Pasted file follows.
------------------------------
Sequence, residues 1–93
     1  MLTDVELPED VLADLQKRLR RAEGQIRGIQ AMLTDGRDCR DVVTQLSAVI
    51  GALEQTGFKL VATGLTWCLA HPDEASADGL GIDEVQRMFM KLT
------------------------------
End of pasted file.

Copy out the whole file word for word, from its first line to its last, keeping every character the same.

Sequence, residues 1–93
     1  MLTDVELPED VLADLQKRLR RAEGQIRGIQ AMLTDGRDCR DVVTQLSAVI
    51  GALEQTGFKL VATGLTWCLA HPDEASADGL GIDEVQRMFM KLT